Gamification of Your Actuarial Studies

Actuarial Scorecard

This article is cross-posted on Actuarial Post.


You like video games, of course you do. The thrill of achieving a high score, of passing yet another level! The endorphins that are released into your blood stream contribute to that euphoric “gamer’s high” and you feel just great!

Then the reality sets in and you remember that you need to study. You turn off your console and open up your manual only to fall asleep on it with that complicated formula being imprinted on your cheek when you wake up. If only studying was as exciting as playing that shoot ’em up game!

I recently read an article on Lifehacker that made me think of how we structure our reward system for the actuarial exams. Sure, the forums are littered with advice, like the following: “Buy yourself that latest gadget…”     or “Treat yourself to a meal at an expensive restaurant…” if you pass your next exam, but the outcome is so far into the future that we frequently find it very hard to motivate ourselves during such prolonged periods. It is hard to keep an end-game in mind when the outcome is six months away.

What if you can gamify your exam studying to stay motivated in the interim, rather than holding this “big picture” in your head all the time? What if you can earn points every day and cash them in once in a while, not unlike that third level of that favourite game of yours?

I would like to propose the following system, based on the Lifehacker article I mentioned. Naturally, you will need to modify this system to suit your own interests and the exams you are currently taking.

Let me use a beloved actuarial notion for everything, the Actuarial Control Cycle, to set up this system! The Actuarial Control Cycle is a model to describe the fundamental nature of actuarial work and broadly consists of the following cyclical steps: understand the environment, specify the problem given, develop your solution, monitor the results, revise your assumptions and be mindful of external forces influencing this cycle. A popular diagram looks like this:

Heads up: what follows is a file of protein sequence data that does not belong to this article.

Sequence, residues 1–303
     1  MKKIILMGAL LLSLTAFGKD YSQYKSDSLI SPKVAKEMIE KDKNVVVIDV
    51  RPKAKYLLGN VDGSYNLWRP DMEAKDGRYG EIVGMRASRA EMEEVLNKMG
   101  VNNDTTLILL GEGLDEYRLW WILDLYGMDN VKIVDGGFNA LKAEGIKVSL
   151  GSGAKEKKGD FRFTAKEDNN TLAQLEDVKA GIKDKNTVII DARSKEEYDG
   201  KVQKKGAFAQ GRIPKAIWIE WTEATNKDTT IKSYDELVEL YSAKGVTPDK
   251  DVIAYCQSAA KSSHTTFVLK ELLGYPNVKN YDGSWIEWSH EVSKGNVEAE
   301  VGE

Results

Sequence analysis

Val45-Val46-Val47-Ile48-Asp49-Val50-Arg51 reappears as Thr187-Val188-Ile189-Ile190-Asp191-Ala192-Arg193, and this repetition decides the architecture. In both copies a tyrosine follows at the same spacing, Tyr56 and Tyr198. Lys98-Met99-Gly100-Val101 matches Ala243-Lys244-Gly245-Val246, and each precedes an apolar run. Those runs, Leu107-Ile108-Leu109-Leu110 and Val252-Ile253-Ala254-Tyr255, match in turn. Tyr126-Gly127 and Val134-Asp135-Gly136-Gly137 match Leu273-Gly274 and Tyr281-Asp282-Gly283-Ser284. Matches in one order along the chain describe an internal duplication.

Actuarial Control Cycle

And now, to apply the Actuarial Control Cycle to the issue at hand:

Define Problem

You first need to identify all the tasks you don’t like doing. This is easy! Put studying in this category! However, we can split this activity into several subcategories: theory, practice problems, practice exams, flash card memorisation…

Design the Solution

Assign the highest values to the least favourite tasks. For me, this would be as follows:

  • Practice Exams – 4 points
  • Practice Problems – 3 points
  • Flash Card Memorisation – 2 points
  • Theory – 1 point

To take this a little further, you can assign multipliers if you, for example:

  • Do more than one chapter of theory and practice questions in one day – x2
  • Do more than one practice exam in one week – x2
  • Flash card memorisation – 2 points for each set of 10 cards memorised. You can use the Leitner System, which we talk about here.

You see where I am going with this? Tailor the reward system to your own liking and the more creative you are, the more complicated your point system is, likely the more fun it will be earning these points.

Base the rewards on what you like doing the most and yet you think is extravagant. Like dining out, like buying a new app on the App Store or Google Play, like buying a video game. Assign the point value according to your own judgement, not making it too easy or too hard.

Monitor the Results

I am not sure about you, but I love tracking everything in spreadsheets. I guess this is why I am in the actuarial field after all. Use Google Docs or Evernote to be able to update and check your progress on the go.

You need to monitor the results and update your assumptions. Set the frequency according to your own study schedule, but I would recommend making adjustments every 1/6th of the time in your study process.

External forces in this cycle are things that distract you. This may be anything from your college exams, busy periods at work, family obligations. Revise your point system accordingly by, for example, awarding higher multipliers to the tasks performed during busy periods.

Have fun with this

The reason why you created this process is to have fun with it. So go ahead, enjoy your studies!


Bonus Tip

If you do your studying on the computer/laptop, have a look at RescueTime to track your progress.

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